Live Review: Heavy Trash, Tiger! Tiger! @ The EARL, November 19

[ 0 ] November 23, 2009 |

By Jennifer Gibson

I don’t know how old Jon Spencer is, but I do know he started
heading up the Jon Spencer Blues Explosion when I was in middle school, which
means he’s got to be early- to mid-40s, at least. So it’s no small feat that
he’s still able to rake in the crowds, take the stage and rock out like a
teenager, but he can and he did November 19 at The EARL with his new outfit, the
trashy rockabilly quartet aptly named Heavy Trash. Spencer, no undesirable
piece himself, co-fronts the band with the fantastic and delectable Matt
Verta-Ray (formerly of Madder Rose and Speedball Baby), who challenged Spencer
stomp for sweaty, seamy stomp in this dirty honkytonk game. He may have emerged
the victor, but he also most definitely emerged as part of one of the more vivid and
entertaining shows to hit The EARL this year. Chances are good if you’re
reading this, you’ve heard of Jon Spencer. But if you’re not familiar with Matt
Verta-Ray, do yourself a favor and make it so.

Despite the starry-eyed accolades and what may sound like
the opening lines of a love letter to a certain musician, the evening was not
devoted solely to a bunch of good-looking rockabilly boys sacking the joint. Atlanta’s own Tiger!
opened with a mishmash of retro/garage/psych/punk rock that was pleasant
enough, but for all the pin-up glory spouted on the band’s website, these sure
weren’t the expected hot rod tunes one might think would be an appropriately
raucous opener for someone with a rep like Jon Spencer. The set wasn’t bad, but
disappointing in that there wasn’t much to it. Lackluster is the word. It was
an odd beginning for a crowd that seemed ready for insane, Velvet Elvis,
hillbilly rock, and it left the room in need of a serious order of Red Bull and
crack, stat.

Enter Heavy Trash, featuring Jon Spencer as Red Bull and
Matt Verta-Ray as crack (we’ll get to that), along with Sam Baker on percussion
and Simon Chardiet on bass and occasional vocals. The four together create a
potent group, one that’s smarter and more in sync with each other than the most
stylized super group, even if they are clearly the boys your mama warned you

With slick, wild black hair and a howl that could wake the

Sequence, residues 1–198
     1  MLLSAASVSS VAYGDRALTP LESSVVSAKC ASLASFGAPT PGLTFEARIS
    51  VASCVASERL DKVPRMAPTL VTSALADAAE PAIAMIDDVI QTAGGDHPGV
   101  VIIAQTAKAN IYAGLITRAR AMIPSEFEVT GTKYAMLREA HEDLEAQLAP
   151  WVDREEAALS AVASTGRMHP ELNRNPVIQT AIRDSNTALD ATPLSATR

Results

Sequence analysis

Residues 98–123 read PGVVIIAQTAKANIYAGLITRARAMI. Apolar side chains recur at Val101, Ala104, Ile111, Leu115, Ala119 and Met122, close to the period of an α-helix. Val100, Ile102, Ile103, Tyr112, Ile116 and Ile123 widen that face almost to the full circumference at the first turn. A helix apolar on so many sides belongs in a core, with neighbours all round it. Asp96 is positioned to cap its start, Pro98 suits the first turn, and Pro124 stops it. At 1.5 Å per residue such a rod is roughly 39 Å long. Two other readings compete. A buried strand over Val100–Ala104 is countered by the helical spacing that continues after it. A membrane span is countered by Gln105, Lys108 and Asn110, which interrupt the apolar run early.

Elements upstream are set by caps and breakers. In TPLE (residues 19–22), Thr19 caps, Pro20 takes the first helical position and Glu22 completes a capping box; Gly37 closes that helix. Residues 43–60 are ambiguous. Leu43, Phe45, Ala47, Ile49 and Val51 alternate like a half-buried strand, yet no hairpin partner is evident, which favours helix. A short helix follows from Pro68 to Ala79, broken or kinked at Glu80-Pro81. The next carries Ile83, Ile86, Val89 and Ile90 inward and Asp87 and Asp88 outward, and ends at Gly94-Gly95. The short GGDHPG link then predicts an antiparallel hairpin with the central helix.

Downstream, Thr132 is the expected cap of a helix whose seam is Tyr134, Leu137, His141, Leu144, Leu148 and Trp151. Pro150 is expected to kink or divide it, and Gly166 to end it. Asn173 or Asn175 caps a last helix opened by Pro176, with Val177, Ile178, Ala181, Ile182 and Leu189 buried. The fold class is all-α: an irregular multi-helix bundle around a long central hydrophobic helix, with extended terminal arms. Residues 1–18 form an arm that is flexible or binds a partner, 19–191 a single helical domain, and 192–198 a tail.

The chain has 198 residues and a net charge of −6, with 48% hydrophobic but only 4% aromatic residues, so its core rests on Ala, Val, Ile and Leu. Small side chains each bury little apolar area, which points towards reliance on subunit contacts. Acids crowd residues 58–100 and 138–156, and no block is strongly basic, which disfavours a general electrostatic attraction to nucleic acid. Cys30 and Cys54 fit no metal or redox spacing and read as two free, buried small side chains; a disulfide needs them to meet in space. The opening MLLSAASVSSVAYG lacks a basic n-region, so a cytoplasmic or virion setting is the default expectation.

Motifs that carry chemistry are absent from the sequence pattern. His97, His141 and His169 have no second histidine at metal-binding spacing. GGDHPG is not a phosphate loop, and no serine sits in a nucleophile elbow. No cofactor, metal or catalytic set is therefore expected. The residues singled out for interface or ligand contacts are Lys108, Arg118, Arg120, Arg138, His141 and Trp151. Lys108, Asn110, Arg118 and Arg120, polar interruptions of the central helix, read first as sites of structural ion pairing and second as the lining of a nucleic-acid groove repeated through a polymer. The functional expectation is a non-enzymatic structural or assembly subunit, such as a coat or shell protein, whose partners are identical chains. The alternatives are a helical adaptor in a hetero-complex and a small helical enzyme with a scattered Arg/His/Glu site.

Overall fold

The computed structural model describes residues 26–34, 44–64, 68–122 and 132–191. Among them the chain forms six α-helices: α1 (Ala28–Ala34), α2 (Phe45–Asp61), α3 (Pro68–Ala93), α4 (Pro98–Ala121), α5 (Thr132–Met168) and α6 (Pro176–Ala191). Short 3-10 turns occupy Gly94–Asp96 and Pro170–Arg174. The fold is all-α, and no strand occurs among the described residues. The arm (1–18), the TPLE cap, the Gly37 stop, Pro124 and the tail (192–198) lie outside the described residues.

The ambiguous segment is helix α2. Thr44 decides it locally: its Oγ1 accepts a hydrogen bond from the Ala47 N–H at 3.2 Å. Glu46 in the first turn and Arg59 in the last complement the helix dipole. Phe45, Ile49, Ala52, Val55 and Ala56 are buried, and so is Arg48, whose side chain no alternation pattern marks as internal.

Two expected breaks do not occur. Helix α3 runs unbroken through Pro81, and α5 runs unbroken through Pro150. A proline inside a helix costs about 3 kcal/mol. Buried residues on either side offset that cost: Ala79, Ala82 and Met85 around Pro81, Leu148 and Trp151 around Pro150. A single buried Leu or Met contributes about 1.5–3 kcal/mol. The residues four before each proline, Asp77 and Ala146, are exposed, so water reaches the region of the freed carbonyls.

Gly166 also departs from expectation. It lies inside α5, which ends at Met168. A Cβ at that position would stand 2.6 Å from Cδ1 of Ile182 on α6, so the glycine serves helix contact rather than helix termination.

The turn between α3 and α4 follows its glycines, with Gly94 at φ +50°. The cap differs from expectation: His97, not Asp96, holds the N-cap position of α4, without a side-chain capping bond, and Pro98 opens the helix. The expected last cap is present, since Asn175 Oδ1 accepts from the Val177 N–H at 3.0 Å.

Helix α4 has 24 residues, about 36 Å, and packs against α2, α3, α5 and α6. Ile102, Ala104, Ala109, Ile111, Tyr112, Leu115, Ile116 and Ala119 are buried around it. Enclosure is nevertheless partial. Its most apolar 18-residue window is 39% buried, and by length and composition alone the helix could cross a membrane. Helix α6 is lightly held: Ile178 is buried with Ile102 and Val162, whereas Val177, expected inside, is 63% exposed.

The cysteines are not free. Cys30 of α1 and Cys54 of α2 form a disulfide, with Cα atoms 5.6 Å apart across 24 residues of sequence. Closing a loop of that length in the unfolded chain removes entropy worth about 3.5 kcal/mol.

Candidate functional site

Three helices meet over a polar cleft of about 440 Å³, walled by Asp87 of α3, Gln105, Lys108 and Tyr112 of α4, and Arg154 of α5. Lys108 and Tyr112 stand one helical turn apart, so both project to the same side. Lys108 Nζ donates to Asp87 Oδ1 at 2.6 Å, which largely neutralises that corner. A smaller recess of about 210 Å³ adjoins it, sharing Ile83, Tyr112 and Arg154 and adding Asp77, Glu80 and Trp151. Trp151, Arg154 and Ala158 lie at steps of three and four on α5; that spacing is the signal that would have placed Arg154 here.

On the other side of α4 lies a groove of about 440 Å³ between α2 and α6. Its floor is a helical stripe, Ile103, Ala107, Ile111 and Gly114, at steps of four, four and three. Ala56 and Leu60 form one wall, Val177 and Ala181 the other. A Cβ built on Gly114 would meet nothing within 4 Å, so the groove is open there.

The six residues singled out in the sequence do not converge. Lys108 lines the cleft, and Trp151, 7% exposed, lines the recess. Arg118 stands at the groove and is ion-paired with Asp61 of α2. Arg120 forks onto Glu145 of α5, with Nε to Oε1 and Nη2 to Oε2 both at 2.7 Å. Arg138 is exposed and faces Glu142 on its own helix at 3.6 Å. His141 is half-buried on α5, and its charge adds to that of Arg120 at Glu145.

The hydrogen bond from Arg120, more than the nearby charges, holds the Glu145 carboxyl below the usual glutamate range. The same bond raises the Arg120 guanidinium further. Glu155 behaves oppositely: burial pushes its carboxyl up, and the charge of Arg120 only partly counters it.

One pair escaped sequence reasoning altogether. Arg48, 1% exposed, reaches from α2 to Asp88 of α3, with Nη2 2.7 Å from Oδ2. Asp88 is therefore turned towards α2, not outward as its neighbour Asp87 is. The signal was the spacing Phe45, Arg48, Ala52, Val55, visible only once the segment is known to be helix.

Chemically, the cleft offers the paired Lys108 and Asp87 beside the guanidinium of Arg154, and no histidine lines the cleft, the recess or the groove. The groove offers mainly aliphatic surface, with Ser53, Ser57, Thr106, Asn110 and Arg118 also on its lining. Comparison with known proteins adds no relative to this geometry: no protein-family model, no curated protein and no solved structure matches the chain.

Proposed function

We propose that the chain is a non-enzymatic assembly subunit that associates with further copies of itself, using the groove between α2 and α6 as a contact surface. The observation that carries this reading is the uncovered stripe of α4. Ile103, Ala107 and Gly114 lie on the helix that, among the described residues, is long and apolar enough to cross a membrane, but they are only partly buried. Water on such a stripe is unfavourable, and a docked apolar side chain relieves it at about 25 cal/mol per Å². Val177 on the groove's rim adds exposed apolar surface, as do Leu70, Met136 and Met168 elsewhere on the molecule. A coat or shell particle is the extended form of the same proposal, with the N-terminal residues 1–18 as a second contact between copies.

dead, Spencer would make one hell of a televangelist if he weren’t such an
entertaining musician. He’s been called an impersonator of an Elvis
impersonator, and this performance didn’t dispel that. But he’s no clown.
There’s a seriousness to even his silliest moments, like the snarling, spasmatic
gem, “Gee, I Really Love You.” Spencer delivered this sweet sentiment with all
the innocence of a truck stop hooker, but it’s not a joke. Even as he smashed
his way through Heavy Trash’s three-record catalog with nothing but an acoustic
guitar and the apparent energy level of a room full of Kool-aid-fueled kindergartners, it was no joke. His overstated
lecherous-preacher-man-on-a-mission stage presence had the women swooning and
the men eating it up. He may not have the same young greaser pin-up boy face he
did in his heyday, but he’s got the same attitude and the same desire to have
fun and give people a good show. Finding a musician with that mindset is
sometimes half the battle.

But the stage wasn’t completely his. It wasn’t even mostly
his, at least not from this vantage point, because Matt Verta-Ray’s conversely
understated performance was a jaw-dropping joy to watch. He may have honed his
skills in other bands and on other stages, but this night he let loose a dirty
torrent of surf- and rockabilly-infused guitar solos, filthy, grimy trash can
sounds that gave me the hot rod fix I was looking for. He may appear
unassuming, but this man, by all rights, should be making women pass out at
every hook and men envy his every skill. He’s that good, and those twangy licks
were only part of it – he actually seemed to lose himself in his stage
performance. His body twisted and turned with each note, like he was accessing some
higher cosmic plane.

And where Spencer is an outright wolf, Verta-Ray is
definitely the unassuming man in the corner to look out for. His soft, quiet
lead vocals on “Good Man” were an oddly attractive mix of sexy and creepy,
crush-worthy and menacing. That slightly-disturbing quality coupled with the
killer guitar chops make it pretty hard to tear your eyes away from him.
Honestly, you could write a teenage girl’s diary entry about this guy’s
performance, which shows just how dangerous he might really be. Not that
Spencer doesn’t offer an element of danger, but something about watching
Verta-Ray’s quiet man demeanor morph into this subdued monster was even more
charming and far more satisfying.

Prior to this night, I had never listened to Heavy Trash.
I’d listened to plenty of Jon Spencer, and, unbeknownst to me, plenty of Matt
Verta-Ray, as well. But Heavy Trash was not a band I’d heard of, and I went to
the show solely for the chance to witness the tent revival antics of a man who
rocked my teenage world. Suffice it to say, the show was all it promised to be,
with the energy almost eclipsing the sound. Almost. And I came away with the
air of a giddy school girl sighing while watching the bad boys smoke cigarettes
out behind the gym. These men must all be in their 40s, yet they’re as badass
now as they probably were at 16. That’s the way all true rock n’ rollers should

Category: Live Reviews

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